Gruwelijk is het huwelijk (Marriage is Gruesome, 2017) by Eugenius Quak
I'll Grind Their Bones (1936) by Theodore Roscoe
THE BEST SHORT STORIES READ IN 2017:
Book of Murder (1930) by Frederick Irving Anderson
- "Beyond All Conjecture"
- "Big Time" (a virtually unknown impossible crime story)
De geliefde die in het veen verdween en andere mysteries (The Lover Who Disappeared in the Bog and Other Mysteries, 2017) by Anne van Doorn
- "De geliefde die in het veen verdween" ("The Lover Who Who Disappeared in the Bog")
- "Het joch dat grenzen overschreed" ("The Brat Who Went Too Far")
Miraculous Mysteries: Locked Room Murders and Impossible Crimes (2017) by Martin Edwards
- "The Miracle of Moon Crescent" by G.K. Chesterton (a re-read)
- "The Diary of Death" by Marten Cumberland
- "The Broadcast Murder" by Grenville Robbins
- "The Haunted Policeman" by Dorothy L. Sayers (a re-read)
- "The Villa Marie Celeste" by Margery Allingham
The Haunted Gallery: The Adventures of Miss Victoria Lincoln, Private Detective (2011) by John Russell Fearn
- "The Thief of Claygate Farm"
- "No Shred of Evidence"
- "From Beyond the Grave"
The Thefts of Nick Velvet (1978) by Edward D. Hoch
- "The Theft from the Onyx Pool"
- "The Theft of the Silver Lake Serpent"
- "The Theft of the Mafia Cat"
- "The Theft from the Empty Room"
- "The Theft of the Bermuda Penny"
The Ripper of Storyville and Other Ben Snow Tales (1997) by Edward D. Hoch
- "The Valley of Arrows"
- "Ghost Town"
- "The Flying Man"
- "The Vanished Steamboat"
- "The Trail of the Bells"
- "The Phantom Stallion"
The Iron Angel and Other Tales of the Gypsy Sleuth (2003) by Edward D. Hoch
- "Punishment for a Gypsy"
- "The Gypsy's Paw"
The Ginza Ghost (2017) by Keikichi Osaka
- "The Mourning Locomotive"
- "The Monster of the Lighthouse"
- "The Cold Night's Clearing"
- "The Guardian of the Lighthouse"
- "The Demon in the Mine"
The Cases of Hildegarde Withers (2012) by Stuart Palmer
- "The Riddle of the Yellow Canary"
No Killer Has Wings: The Casebook of Dr. Joel Hoffman (2017) by Arthur Porges
- "Dead Drunk"
- "Horse-Collar Homicide"
- "Circle in the Dust"
- "No Killer Has Wings"
The Realm of the Impossible (2017) by John Pugmire and Brian Skupin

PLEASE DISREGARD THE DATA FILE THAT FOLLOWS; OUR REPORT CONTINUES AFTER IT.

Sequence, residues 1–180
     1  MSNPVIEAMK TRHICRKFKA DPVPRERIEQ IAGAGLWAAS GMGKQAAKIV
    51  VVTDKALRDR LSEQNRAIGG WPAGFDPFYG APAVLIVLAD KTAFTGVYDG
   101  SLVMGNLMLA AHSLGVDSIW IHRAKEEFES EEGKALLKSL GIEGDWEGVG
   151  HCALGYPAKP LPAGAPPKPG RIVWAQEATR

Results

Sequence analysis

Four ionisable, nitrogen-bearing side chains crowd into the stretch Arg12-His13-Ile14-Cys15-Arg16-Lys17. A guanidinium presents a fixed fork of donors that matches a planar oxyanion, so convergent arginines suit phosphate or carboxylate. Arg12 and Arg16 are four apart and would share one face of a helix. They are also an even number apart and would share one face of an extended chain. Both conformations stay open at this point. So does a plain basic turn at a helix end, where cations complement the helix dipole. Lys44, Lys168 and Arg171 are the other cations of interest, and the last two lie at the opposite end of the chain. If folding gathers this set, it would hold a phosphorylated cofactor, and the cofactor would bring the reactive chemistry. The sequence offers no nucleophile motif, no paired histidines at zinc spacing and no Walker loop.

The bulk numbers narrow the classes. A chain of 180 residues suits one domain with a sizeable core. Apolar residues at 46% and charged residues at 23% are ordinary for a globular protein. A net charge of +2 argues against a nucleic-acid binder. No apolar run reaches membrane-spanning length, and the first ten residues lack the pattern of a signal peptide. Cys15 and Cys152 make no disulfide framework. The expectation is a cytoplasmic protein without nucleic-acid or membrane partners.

- "Jacob's Ladder" by Paul Halter
- "Leaving No Evidence" by Dudley Hoys (has fair-play issues, but the solution is great)
- "The Venom of the Taratula" by Sharadindu Bandyopadyay
- "Sir Gilbert Murrell's Picture" by Victor L. Whitechurch
- "The Miracle on Christmas Eve" by Szu-Yen Lin
- "Seven Brothers" (an excerpt) by Aleksis Kivi
- "The "Impossible" Impossible Murder" by Edward D. Hoch
- "The Lure of the Green Door" by Rintaro Norizuki
- "The Barese Mystery" by Pietro de Palma
- "The Locked House of Pythagoras" by Soji Shimada
The Invisible Bullet and Other Strange Cases of Magnum, Scientific Consultant (2016) by Max Rittenberg
- "The Invisible Bullet"
- "The Rough Fist of Reason"
- "The Empty Flask"
Maps: The Uncollected John Sladek (2002) by John Sladek
- "By an Unknown Hand" (a re-read)
- "It Takes Your Breath Away" (a re-read)
- "You Have a Friend at Fengrove National" (a re-read)
THE WORST OR MOST DISAPPOINTING READS OF 2017:
Beyond the Locked Door (1938) by Luke Allan
An obscure title in the locked room sub-genre and had hoped the book would turn out to be minor gemstone, but the overall plot was fairly weak and the explanation to the locked room murder was a redressing of one of the oldest tricks in the book. Not recommended.
Murder at the Chase (2014) by Eric Brown
A story that began promising enough with a man claiming to be a 120-year-old Satanist from the Victorian era, who held ghostly seances, which lead to the impossible disappearance of another man from a locked study. Unfortunately, the story was poorly plotted, disappointing and, worst of all, dull and boring.
Robbery Without Violence (1952) by John Russell Fearn
A bad and disappointing read by my favorite second-stringer, which began promising enough with the impossible theft of gold ingots from a hermetically sealed, time-locked bank vault. Sadly, the story dissolved into a poorly done pulp story with a second-rate science-fiction solution.
Hide in the Dark (1929) by Frances Noyes Hart
A boring, long-winded and excruciating read that takes place on All-Hallows Eve, 1928, in a dark, untenanted mansion. So the premise had potential, but was poorly executed.
So there you have it, folks. My highs, and lows, of the past year. And, with that out of the way, I only have one more thing left to do: wishing all of you a Merry Christmas and all the best for the coming year!
I'll be back in the final week of this year.